The most obvious and important one is a negative consequence: creative self-indulgence. Nikki Hilton designs expensive handbags (which is still, admittedly, a more admirable way of spending a life than the one her sister models). There is a reason most product and service ideas in the world are created for and by rich or middle-class people for their own classes. The turpentine effect is far more prevalent than its utility requires. There is a limit to how many people can be absorbed in safe and socially-useful turpentine-effect activities like tool-building or teaching. Let loose where a content-focus, artistic eyes and judgment are needed, it leads to over-engineered monstrosities, products nobody wants or needs, and a massive waste of resources. Focusing on the problems of others, rather than your own (or of your own class), requires even more effort.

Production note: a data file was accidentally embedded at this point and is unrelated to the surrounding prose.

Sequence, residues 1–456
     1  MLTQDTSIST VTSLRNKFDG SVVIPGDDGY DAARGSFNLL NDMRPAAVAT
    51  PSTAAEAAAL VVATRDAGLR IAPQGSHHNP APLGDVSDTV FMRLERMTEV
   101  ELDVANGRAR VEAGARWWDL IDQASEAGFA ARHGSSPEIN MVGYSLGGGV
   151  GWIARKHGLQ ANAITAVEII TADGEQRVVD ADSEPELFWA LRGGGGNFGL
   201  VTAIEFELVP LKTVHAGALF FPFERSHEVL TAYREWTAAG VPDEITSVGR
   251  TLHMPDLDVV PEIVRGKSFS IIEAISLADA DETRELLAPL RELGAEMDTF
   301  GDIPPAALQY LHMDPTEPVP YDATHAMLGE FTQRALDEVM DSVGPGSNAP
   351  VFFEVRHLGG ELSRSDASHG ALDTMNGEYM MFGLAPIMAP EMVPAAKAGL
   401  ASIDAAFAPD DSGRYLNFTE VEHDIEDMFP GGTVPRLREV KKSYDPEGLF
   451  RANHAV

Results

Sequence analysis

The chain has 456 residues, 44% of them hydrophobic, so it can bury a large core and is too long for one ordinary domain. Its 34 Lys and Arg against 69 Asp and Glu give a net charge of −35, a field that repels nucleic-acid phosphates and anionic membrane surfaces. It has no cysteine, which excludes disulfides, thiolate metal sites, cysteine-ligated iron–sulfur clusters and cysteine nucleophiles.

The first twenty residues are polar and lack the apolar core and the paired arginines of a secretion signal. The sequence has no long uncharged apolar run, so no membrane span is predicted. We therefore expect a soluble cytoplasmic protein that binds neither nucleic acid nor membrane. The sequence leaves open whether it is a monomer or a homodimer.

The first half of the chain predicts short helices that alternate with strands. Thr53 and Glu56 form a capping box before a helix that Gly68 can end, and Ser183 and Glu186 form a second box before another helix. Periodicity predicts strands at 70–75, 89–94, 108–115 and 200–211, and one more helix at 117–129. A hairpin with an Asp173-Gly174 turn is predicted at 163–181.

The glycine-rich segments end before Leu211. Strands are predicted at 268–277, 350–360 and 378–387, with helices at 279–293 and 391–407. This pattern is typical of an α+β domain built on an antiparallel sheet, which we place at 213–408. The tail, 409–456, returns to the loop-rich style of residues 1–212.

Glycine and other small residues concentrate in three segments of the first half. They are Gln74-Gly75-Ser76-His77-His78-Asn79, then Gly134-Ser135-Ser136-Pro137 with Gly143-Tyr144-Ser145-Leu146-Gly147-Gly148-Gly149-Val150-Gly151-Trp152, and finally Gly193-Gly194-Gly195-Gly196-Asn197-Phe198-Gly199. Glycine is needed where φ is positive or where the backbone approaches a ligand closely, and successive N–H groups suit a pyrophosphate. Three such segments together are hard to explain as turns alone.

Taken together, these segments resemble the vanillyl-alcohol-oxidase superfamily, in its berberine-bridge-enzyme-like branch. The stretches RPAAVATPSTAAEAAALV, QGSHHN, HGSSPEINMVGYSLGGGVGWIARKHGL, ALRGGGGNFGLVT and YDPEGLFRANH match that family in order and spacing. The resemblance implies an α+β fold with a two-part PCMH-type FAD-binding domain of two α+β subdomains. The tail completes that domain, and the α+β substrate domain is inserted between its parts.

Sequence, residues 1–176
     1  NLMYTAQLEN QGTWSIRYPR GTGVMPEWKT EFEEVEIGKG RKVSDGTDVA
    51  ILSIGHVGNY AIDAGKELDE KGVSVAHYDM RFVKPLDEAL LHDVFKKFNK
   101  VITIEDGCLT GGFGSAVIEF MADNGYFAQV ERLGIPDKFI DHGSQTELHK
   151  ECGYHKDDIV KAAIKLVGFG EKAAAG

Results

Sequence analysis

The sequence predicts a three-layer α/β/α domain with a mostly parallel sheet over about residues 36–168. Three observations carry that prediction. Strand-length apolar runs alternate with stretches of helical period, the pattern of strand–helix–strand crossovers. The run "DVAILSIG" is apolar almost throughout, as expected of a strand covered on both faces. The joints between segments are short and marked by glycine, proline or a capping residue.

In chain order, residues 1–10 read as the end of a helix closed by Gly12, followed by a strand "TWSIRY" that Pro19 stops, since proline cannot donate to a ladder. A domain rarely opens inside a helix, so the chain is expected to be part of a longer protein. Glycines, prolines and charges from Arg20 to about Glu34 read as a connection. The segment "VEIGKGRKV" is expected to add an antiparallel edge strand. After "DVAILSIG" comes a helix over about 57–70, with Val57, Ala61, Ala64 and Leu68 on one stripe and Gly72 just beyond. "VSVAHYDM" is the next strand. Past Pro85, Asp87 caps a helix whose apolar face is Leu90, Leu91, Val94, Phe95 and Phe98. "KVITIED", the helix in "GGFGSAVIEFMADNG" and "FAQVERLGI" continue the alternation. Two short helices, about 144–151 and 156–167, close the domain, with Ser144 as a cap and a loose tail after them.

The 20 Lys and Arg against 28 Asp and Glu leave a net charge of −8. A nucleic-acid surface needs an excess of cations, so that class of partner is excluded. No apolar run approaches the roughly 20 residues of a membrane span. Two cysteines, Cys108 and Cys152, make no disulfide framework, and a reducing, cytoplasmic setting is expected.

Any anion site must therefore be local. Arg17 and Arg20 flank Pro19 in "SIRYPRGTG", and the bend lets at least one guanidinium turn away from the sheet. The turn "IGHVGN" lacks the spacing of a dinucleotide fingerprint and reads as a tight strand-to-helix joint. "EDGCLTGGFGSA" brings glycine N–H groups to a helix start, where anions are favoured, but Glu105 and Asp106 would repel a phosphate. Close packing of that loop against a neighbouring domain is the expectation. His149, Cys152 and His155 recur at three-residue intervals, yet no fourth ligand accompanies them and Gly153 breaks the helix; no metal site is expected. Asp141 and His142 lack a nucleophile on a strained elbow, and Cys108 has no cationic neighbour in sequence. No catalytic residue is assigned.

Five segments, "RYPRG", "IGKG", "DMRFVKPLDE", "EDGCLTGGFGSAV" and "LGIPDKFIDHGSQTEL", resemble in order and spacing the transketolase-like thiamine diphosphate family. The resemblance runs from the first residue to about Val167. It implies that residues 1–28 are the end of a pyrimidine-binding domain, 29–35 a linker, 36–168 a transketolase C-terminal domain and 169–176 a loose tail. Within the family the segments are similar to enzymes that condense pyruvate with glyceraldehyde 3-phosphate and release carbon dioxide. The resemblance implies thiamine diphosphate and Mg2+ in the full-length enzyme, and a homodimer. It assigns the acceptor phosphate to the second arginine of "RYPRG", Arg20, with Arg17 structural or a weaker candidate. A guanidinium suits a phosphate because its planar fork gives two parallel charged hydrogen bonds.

The positive effects are harder to see, but they are important. The turpentine effect is how isolated creatives can get together and form creative communities that help refine and evolve a discipline, sometimes over centuries, and take it much further than any individual can. Socially, this emerges as the aesthetic of classicism in any field of craft.